My first encounter with Cory Branan‘s music was through browsing the Bloodshot Records catalog — the label that signed the Old 97s and Neko Case can do no wrong. Branan had just released his third album, Mutt, and I wound up listening to “Survivor Blues” on heavy, heavy rotation. The song is a combo punch to the heart and gut. It encapsulates Branan’s potent cocktail of fierceness and finesse — a touch of grit in his voice, rawness and urgency in delivery, and vulnerability beneath.
And then there are the artful turns of phrase, taking well-worn tropes of worn-down folks and injecting them with fresh doses of wryness and wisdom, as when the damsel asks about the getaway car: It’s parked out back, it’s pointed out of state // It’s a recent acquisition, we should probably ditch the plates // And it won’t get you far enough to ever lose track, but yeah it’s plenty car enough for never comin’ back.
It’s a song about Memphis — Branan was born just outside, in Southaven, Mississippi — and he describes it as his “‘Born to Run,’ but where the guy and the girl have significant pasts to run away from.”
You could call his music punk or call it country, but you’d be better off forgetting the categories and just giving Cory Branan a listen. What draws legions of devoted fans to his shows is his knack for storytelling, his ability to croon off-mic about heartache one moment, and in the next, tear into verses about life’s unkind ironies.
Branan fingerpicks like the finest of folkies and shreds with punkified abandon. And on Thursday night at Gypsy Sally’s, he had the D.C. audience singing all the choruses and raising their drinks to the opening notes of each song.
Branan’s latest album, The No-Hit Wonder, kicks off with the gloriously infectious, revved-up, rocked-out honky-tonk energy of “You Make Me.”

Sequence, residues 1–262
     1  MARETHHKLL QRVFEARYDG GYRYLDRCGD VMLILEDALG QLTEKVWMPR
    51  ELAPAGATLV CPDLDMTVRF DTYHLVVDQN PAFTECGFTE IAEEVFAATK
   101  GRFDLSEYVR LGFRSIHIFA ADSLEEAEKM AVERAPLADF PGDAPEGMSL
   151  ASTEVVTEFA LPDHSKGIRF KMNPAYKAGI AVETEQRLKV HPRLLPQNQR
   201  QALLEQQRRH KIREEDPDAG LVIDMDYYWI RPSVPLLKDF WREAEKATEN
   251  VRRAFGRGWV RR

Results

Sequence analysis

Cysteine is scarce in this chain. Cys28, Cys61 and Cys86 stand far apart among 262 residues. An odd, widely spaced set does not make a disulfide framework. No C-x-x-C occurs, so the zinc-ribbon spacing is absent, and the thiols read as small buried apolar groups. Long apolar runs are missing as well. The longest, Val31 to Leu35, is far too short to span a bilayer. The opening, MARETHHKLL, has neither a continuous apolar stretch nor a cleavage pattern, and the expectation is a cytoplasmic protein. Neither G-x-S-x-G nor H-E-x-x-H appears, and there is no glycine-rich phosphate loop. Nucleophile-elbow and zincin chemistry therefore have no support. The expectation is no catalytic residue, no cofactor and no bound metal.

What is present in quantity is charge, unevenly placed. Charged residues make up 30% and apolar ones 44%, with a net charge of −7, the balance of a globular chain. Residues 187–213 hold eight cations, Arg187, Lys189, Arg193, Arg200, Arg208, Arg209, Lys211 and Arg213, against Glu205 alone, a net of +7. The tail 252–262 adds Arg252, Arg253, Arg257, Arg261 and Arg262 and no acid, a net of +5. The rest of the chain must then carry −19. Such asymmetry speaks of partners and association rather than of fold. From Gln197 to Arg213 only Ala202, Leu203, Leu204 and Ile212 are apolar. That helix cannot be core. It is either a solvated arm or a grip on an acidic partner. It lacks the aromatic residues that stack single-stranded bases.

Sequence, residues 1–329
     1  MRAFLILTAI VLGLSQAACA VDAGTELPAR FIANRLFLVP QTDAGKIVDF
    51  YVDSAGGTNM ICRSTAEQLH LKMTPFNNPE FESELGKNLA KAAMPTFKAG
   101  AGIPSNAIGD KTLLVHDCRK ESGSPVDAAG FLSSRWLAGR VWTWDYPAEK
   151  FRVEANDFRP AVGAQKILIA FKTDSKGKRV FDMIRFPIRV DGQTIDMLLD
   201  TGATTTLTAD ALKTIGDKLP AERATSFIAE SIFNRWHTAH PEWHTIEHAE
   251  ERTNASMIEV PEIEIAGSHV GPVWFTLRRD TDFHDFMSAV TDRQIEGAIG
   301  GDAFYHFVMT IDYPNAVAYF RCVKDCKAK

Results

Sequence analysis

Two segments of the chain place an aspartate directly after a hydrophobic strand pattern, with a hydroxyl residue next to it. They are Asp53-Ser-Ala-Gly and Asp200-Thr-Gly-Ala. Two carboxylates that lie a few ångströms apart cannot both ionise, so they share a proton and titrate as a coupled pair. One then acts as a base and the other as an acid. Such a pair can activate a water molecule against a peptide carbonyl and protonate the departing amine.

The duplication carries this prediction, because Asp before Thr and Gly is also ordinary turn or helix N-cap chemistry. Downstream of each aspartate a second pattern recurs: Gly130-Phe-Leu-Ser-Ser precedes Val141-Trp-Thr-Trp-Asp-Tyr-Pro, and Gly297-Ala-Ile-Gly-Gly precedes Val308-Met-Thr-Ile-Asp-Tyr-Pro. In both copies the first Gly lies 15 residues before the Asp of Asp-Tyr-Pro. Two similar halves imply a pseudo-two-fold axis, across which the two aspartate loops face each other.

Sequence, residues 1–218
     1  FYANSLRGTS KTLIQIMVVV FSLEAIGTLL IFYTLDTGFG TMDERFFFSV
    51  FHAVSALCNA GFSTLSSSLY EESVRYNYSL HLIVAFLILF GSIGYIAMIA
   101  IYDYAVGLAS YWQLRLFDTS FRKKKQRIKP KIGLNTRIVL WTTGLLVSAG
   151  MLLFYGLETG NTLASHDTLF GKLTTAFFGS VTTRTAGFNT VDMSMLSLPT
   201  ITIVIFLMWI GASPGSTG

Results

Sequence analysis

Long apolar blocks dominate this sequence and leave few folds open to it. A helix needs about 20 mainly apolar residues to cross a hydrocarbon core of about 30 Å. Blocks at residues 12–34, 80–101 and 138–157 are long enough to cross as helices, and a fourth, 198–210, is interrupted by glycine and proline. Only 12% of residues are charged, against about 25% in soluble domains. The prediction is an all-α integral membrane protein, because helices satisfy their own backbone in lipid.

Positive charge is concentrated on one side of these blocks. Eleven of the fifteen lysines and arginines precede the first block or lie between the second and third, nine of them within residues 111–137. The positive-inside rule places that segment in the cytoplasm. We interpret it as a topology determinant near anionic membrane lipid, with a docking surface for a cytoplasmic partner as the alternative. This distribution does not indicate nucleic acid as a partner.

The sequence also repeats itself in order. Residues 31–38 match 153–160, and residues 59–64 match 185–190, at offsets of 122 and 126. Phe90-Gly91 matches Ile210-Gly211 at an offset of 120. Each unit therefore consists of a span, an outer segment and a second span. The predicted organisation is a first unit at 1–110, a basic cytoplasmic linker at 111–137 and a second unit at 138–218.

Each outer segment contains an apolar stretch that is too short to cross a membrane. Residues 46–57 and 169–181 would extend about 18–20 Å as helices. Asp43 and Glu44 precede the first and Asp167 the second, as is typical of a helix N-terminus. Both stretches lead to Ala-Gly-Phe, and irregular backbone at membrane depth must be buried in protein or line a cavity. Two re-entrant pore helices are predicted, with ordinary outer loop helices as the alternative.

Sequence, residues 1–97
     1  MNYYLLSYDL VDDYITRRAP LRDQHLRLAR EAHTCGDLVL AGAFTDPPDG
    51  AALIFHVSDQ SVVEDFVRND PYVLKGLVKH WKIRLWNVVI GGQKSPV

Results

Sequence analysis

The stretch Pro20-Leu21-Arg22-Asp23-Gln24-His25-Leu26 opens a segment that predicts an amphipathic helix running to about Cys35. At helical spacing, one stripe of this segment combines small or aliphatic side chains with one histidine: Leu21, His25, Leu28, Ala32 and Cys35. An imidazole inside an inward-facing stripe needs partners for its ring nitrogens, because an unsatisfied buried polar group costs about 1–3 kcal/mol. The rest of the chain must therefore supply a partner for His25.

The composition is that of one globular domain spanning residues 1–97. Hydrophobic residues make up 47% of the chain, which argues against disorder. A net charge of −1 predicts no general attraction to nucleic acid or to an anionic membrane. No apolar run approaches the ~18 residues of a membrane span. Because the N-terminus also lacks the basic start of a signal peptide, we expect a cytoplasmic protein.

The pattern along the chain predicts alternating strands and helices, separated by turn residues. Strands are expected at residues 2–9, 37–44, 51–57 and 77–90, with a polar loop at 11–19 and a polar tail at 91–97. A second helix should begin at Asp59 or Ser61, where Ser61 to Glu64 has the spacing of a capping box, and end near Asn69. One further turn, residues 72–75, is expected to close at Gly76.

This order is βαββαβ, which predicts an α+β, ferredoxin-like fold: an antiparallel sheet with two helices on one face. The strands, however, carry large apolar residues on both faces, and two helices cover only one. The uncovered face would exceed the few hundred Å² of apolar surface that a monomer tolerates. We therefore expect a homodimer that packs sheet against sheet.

A saloon piano swaggers brazenly into the mix and Jason Isbell (formerly of the Drive-By Truckers) harmonizes during the refrains. You may have never seen a songbird nesting in the head of a scarecrow, but you’re totally convinced you gon’ cakewalk on thru it to the jubilee.
Branan is as charming a performer as he is a gifted musician (that is to say, very much so). When he stopped by the bar for a pre-show drink, he remarked on my battered and Bloodshot-sticker-adorned notebook, then pulled out his phone to show me pics of his kids and his new pup, Admiral (the Instagram commentary on the latter is pretty awesome — there are comparisons to Ewoks, Furbys, and Gremlins).
Throughout the show, Branan delivered a steady string of quips between songs older and newer. The self-deprecating humor you sense in the album title also comes out in person (“It’s tough being both a perfectionist and a slacker”), along with hints of his musical influences: “We all like to pretend we fell out of our mothers’ wombs listening to Fugazi and John Prine. But of course you listened to John Cougar Mellencamp. And you did it un-ironically.”
The No-Hit Wonder should be on your fall playlist — Branan’s beautiful voice comes across as brash and bruised at just the right moments, and the album is rounded out by contributions of pals from The Hold Steady as well as the aforementioned Jason Isbell (who, in addition to vocals on the opening track, joins in on “The Highway Home”). These songs may be grounded in the autobiography of the itinerant musician and the years of living hand to mouth, years just getting gig to gig — but the stories are universal and relatable. For all the times you’ve squared your shoulders and said “it is what it is,” you should give this record a spin and know that these roots — musical, metaphorical, and however tangled — hold us to earth.